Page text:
Released theatrically in the United Kingdom in 1989 and on VHS the following year, Wild Search was not released on DVD in English-friendly form until Mei Ah's 1999 Hong Kong import and the identical U.S. DVD from Tai Seng while the U.K. would not get a digital release until M.I.A.'s 2002 DVD. Eureka's 1080p24 MPEG-4 AVC 1.85:1 widescreen Blu-ray is advertised as being derived from "a High Definition transfer from the original film elements" suggesting that it utilizes the master created for CN Entertainment's 2019 Hong Kong Blu-ray. Colors are bold without seeming revisionist and in general there is a nice crispness to the night exteriors and interiors that suit the chilly Christmas season atmosphere of the film. Some shadows in the location scenes evince more underexposed grain and there are one or two soft shots that may either be patched in from another source or indicative of some rushed shooting since the shots around it look normal.

Audio

Audio options include the original mono Cantonese LPCM 1.0 track and an English LPCM 1.0 mono dub from the same period. In terms of music and effects, the mixes are not particularly dynamic but not problematic. While the Cantonese track is recommended because some of the actors actually dub themselves here, the English dub should be entirely ignored. While the voice casting of Hong Kong English dubs is not always great, this one is particularly poor from the simpering adult vocal performance given to the little girl to the leads who are saddled with terrible dialogue (rewritten compared to the subtitle translation of the Cantonese audio but even that was not great to start with). The optional English subtitles reveal Lau's bizarre feline nickname and the reasoning behind it (both of which are left out of the English dub entirely).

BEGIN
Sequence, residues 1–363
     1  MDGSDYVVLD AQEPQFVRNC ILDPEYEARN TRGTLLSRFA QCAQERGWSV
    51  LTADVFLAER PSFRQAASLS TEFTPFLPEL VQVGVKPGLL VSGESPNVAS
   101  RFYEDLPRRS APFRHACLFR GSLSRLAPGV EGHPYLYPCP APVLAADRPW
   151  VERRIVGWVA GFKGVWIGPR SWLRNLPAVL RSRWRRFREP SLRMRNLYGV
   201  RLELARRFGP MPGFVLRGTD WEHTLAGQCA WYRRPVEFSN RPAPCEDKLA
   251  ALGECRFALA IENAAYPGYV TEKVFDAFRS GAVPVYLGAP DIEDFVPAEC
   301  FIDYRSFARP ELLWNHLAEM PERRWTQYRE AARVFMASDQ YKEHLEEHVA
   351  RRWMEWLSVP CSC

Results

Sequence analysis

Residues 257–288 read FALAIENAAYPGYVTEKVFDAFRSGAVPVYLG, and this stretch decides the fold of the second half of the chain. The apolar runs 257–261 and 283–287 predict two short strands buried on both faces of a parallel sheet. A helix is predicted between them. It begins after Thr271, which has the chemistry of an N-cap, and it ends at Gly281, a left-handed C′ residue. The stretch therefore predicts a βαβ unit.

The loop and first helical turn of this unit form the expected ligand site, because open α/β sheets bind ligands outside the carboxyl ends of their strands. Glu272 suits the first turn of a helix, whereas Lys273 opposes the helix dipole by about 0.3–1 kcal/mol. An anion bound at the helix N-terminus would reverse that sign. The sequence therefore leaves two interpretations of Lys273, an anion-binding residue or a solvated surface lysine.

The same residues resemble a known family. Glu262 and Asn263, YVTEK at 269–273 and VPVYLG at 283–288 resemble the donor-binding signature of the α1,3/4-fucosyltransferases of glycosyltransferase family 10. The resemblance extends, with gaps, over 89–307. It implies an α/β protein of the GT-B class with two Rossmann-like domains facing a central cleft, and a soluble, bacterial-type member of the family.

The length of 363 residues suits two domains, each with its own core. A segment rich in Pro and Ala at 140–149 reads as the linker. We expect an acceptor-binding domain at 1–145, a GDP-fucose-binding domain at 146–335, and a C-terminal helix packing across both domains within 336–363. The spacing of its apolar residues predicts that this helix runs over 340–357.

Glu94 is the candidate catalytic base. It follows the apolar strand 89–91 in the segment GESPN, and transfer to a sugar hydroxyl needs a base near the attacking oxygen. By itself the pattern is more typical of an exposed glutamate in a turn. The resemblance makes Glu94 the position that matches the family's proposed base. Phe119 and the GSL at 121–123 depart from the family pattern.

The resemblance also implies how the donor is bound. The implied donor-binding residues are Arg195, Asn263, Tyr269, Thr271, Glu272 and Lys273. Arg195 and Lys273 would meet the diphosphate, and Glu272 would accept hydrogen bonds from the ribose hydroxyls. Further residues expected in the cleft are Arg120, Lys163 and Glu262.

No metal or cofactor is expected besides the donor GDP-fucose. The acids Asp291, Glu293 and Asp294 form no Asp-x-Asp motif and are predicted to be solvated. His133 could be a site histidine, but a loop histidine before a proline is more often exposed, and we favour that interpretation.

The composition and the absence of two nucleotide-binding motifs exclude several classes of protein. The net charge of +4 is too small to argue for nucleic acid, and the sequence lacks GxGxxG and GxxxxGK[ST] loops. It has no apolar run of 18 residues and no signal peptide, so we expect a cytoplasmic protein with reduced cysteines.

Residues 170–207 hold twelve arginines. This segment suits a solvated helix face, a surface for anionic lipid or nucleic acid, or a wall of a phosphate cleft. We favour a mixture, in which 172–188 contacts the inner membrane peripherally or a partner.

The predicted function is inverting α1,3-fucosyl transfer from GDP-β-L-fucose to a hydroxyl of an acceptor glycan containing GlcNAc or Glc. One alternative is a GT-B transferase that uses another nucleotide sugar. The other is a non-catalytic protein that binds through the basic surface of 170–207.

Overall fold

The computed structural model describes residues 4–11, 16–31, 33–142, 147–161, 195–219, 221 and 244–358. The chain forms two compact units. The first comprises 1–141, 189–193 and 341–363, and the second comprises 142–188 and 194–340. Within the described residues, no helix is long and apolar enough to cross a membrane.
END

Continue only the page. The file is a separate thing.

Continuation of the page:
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Extras

The film is accompanied by an audio commentary by Asian film expert Frank Djeng, NY Asian Film Festival who makes a case for the film's significance in Lam's career following his early for-hire films and the creative freedom he won after directing the successful Aces Go Places 4, Chow's move from TV to film and the poor reception of his early cinema roles before A Better Tomorrow, and the successful pairing of him and Chung that lasted through Once a Thief. Djeng also provides us with background on the supporting cast members, notes that the film features some of leads dubbing themselves because of the perception that films with the actor's actual voices were more successful, notes the time capsule look of Hong Kong harbor during the Christmas season of 1985, as well as noting the similarities of the film's plot to Witness.

Djeng also moderates "The Doyen of Dubs" an audio interview with dubbing artist Simon Broad which plays as an alternate track to the main feature for the first sixty-nine minutes (reverting to the English dub after). The actor recalls moving with his father from New Zealand to Hong Kong for a job, getting involved in modeling and acting, and finding lots of work in ADR and dubbing not only for films but also for television, commercials, and for export to Indonesian countries where the Chinese language was banned and they just needed to put a voice to the images (also a methodology for some of the lower-budgeted dubs of features). Broad notes that a lot of the voice actors from earlier generations were American and British residents and business people recruited off the street while the dubbers of his generation tended to be trained actors, notes the difference between dubbing then and now with Hong Kong still using the old looping method while other countries had moved to ADR, as well as the busy schedules of his younger years dubbing TV by day and film by night (calling himself and others who did any job "whores").
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The disc also has "Roy Cheung on Fire" (17:11), a 2003 interview with actor Cheung in which he recalls getting into acting through modeling, already having appeared alongside Chow in a brief part in Lost Romance, and getting his first real acting opportunities from Lam with the "on fire" films and Aces Go Places 4. He notes the differences between Lam's handling of experienced actors like Chow and newcomers like himself, and how Wild Search was his first role with Lam where he was given more freedom to improvise.

Packaging

The first print run of 1,000 copies comes with an O-Card slipcase featuring new artwork by Grégory Sacré (Gokaiju) and a collector's booklet featuring new writing by David West (NEO Magazine).

Overall

An acknowledged very loose adaptation of Peter Weir's Witness, Wild Search is something of a departure from director Ringo Lam's successful action "on fire" trilogy but it is otherwise a middling affair as a thriller or a melodrama.